And then the final part of the festival came on the last night when, in remembrance of the pillar of fire that led the Hebrews through the wilderness, four 75 foot lamp stands would be constructed in the Courtyard of the Women, which was also known as the treasury because that’s where the offering boxes were, and they would be lit at sundown on the last night of the festival, and the people would dance and celebrate all night under those giant lamp stands. The ancient historian known as Josephus, says that those candle stands were so large and the light so bright that they would not only light up the whole Temple platform but also would light the entire city of Jerusalem and for as far outside the walls as the people could see and that they could be seen throughout the land. They lit up the world. It was called the night of Grand Illumination. And so bathing in the light of those giant candle stands, on the last night of the festival, the night of Grand Illumination, when their otherwise darkened world was lit up for all to see, Jesus says: I am the light of the world.

So with that context in mind, let’s think about how His listeners that night would have understood this light that Jesus was offering.

First they would have understood the link between God and light. The Rabbis essentially taught that God is light. The writer of Genesis tells us that the first act of creation was the creation of light and from that point on God and light were seen as synonymous and inseparable. In fact, Scripture often describes God as a glorious countenance that shines forth. In keeping with the theme of the Festival of Tabernacles the Psalmist wrote: For by their own sword they did not possess the land, but Your right hand and the light of Your presence, For You favored them. And John himself wrote in his first letter to the churches:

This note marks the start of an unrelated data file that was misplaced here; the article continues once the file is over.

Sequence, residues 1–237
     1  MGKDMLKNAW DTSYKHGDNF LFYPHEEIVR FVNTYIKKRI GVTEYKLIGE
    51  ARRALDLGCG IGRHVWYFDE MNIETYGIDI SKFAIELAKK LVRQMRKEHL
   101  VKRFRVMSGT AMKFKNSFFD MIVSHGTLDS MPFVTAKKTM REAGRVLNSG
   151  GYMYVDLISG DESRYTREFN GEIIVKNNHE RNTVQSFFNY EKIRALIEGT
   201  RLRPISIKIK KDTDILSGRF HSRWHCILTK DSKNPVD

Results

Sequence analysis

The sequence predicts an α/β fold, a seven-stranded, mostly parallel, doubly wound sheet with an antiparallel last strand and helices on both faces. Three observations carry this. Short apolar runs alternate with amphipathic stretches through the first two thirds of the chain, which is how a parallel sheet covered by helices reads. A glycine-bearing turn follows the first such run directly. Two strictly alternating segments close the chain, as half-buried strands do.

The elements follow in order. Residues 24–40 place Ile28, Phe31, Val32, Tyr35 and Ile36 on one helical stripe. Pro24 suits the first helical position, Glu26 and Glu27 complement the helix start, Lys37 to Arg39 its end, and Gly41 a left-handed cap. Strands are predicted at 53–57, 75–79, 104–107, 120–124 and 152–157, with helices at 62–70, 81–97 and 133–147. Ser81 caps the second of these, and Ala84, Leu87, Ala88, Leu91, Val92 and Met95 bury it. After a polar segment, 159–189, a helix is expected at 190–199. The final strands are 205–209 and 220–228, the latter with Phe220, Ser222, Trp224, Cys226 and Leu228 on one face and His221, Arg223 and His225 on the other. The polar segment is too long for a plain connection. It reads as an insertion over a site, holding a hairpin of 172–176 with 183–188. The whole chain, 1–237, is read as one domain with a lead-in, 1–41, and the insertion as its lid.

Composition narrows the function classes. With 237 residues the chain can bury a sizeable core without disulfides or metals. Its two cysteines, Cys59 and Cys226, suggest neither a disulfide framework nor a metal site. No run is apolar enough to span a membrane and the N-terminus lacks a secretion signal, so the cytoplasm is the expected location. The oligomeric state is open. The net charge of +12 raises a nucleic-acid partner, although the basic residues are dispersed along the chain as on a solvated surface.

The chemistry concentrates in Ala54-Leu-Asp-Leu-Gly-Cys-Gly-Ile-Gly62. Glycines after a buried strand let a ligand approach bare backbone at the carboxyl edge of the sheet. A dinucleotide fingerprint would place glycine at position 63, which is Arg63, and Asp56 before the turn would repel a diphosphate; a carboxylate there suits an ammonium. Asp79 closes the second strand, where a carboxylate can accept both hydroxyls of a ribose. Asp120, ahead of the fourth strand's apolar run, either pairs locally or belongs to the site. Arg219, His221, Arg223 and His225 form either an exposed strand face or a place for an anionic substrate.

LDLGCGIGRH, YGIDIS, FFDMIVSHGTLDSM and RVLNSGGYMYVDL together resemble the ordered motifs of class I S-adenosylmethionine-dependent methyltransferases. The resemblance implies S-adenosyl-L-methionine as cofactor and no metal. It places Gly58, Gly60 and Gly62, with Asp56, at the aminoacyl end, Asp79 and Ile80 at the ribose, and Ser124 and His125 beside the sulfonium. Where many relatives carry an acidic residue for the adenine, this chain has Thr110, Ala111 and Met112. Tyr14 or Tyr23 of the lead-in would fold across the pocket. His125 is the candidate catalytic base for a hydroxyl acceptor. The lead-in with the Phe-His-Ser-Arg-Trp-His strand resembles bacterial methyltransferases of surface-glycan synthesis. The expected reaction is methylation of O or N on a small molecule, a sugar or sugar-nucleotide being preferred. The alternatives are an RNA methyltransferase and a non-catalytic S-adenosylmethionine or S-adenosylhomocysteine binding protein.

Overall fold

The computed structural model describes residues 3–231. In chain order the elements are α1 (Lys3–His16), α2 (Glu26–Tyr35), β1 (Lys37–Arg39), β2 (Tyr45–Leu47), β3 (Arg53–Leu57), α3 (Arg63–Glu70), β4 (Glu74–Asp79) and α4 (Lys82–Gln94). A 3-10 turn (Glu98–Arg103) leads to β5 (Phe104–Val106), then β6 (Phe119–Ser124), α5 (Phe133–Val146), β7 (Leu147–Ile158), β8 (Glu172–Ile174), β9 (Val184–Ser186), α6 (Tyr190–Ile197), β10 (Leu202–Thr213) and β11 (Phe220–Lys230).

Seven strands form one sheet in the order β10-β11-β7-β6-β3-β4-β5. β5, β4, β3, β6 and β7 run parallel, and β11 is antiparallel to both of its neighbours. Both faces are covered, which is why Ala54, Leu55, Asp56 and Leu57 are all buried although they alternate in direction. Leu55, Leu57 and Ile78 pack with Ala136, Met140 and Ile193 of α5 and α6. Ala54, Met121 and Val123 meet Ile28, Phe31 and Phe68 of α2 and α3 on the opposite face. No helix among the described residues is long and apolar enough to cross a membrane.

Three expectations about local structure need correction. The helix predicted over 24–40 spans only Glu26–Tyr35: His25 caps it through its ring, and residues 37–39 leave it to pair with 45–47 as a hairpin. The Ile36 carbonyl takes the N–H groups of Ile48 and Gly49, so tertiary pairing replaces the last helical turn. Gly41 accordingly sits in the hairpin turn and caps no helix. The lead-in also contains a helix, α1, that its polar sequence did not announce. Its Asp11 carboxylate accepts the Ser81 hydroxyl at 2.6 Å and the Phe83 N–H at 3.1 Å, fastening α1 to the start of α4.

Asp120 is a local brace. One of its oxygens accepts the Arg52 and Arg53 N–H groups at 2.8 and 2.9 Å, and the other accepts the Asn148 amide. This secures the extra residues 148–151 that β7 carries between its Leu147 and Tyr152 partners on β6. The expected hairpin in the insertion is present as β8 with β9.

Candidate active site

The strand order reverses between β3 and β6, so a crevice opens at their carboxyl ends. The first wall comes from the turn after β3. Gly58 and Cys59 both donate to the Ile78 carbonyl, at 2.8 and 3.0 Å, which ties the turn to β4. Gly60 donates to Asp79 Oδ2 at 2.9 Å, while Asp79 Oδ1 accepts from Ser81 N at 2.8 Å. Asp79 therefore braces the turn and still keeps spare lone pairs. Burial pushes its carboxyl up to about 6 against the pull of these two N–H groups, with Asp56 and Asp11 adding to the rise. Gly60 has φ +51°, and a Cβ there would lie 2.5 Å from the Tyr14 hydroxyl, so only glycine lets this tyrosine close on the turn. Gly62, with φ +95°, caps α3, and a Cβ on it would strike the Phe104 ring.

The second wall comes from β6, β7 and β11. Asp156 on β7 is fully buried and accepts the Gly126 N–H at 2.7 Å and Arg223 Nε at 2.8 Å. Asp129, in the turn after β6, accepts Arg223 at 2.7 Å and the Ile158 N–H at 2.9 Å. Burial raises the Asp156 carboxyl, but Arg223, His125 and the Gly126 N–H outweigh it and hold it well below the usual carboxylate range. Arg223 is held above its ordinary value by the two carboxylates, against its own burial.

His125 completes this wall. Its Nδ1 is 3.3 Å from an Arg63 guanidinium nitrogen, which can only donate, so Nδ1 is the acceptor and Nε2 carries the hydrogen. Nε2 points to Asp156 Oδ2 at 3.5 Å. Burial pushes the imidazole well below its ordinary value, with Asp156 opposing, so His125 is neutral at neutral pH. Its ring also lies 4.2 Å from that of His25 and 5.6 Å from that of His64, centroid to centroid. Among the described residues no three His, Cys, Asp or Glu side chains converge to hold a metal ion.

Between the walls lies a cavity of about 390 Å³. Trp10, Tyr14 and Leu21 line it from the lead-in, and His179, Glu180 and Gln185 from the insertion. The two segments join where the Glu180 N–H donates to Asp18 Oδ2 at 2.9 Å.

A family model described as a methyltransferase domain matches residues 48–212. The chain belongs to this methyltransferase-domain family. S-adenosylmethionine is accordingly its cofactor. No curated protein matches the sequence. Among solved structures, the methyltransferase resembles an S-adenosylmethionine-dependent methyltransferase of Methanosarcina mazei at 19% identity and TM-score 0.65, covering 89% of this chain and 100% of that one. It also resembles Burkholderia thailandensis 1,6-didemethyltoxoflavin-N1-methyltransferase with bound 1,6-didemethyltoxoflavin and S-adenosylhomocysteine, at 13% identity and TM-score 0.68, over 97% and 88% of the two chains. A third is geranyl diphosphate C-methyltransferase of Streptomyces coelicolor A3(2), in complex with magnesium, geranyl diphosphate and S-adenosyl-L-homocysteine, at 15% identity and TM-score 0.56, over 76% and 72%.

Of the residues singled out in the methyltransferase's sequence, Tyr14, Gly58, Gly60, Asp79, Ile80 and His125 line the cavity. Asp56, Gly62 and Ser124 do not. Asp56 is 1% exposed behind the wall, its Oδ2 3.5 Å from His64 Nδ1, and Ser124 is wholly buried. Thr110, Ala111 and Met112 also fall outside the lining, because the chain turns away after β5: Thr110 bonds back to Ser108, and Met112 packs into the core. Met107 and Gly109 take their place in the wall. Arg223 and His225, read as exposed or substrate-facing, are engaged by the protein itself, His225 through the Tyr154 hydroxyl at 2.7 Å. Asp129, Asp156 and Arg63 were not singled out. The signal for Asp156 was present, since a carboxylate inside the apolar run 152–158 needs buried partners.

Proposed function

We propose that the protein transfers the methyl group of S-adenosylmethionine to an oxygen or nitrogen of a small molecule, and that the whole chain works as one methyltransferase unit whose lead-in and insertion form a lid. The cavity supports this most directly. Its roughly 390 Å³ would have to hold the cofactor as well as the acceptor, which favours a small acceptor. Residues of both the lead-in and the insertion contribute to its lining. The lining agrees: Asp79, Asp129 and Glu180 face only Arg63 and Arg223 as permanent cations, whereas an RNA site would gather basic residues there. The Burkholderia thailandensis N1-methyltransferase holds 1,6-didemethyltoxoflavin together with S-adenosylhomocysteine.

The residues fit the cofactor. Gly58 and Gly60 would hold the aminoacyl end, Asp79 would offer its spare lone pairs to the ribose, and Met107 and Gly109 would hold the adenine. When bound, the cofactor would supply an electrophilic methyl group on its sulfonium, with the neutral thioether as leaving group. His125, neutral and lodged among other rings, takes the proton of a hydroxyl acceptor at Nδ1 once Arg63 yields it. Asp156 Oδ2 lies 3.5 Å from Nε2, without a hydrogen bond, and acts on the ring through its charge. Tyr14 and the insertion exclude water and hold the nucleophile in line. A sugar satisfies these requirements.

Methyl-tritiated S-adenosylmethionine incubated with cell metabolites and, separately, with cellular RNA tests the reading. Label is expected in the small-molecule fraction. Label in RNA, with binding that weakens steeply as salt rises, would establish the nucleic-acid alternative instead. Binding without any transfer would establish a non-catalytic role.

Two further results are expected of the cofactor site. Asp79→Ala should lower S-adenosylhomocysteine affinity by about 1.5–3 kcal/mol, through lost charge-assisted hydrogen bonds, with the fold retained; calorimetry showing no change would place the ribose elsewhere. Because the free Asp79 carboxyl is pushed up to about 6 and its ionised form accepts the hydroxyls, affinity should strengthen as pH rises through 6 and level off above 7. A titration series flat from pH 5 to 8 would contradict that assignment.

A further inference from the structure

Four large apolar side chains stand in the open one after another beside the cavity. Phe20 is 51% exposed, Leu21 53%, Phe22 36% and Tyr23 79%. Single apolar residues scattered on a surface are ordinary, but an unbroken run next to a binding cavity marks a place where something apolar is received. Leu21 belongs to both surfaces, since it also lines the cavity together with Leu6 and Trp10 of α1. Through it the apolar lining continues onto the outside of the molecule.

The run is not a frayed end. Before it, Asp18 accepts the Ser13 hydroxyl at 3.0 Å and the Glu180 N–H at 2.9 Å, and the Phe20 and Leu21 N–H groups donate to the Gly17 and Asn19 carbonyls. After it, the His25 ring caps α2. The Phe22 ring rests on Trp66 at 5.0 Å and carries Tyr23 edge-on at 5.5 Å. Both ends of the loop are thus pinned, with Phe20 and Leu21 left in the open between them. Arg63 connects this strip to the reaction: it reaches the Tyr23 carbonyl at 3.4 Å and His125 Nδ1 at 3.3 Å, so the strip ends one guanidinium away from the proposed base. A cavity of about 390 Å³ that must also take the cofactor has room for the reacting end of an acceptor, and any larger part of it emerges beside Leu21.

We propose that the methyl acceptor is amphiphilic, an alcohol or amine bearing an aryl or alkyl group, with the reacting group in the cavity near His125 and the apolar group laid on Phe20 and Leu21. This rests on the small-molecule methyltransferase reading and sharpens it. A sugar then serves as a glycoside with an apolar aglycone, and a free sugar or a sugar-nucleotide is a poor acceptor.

This is the message we have heard from Him and announce to you, that God is Light, and in Him there is no darkness at all.

So even the smallest source of light was the assurance of God’s presence. I said earlier that during the Festival of the Tabernacles, the Jews were to leave their roofs open so they could see at least three stars. The Stars were a reminder of the comfort and assurance that their ancestors found in God’s light penetrating the total darkness of the Wilderness. Stars were the presence of God. Remember the Star that settled over Jerusalem when Jesus was born. One writer says this about God as light.

I found out something else about light that lets me know why Jesus compared Himself to it and called Himself not just “a light” or “one light among many”, but “the light.” Light is absolutely INCORRUPTIBLE. Light cannot be defiled. No matter what light passes through it is always still pure light. It is not susceptible to contamination or infection. It doesn’t matter whether it is sunlight, moonlight, starlight, or lamplight. Whatever kind of light it is, light always remains pure, but in order for it to be effective, it must shine. We must shine the light of the world so others can see it.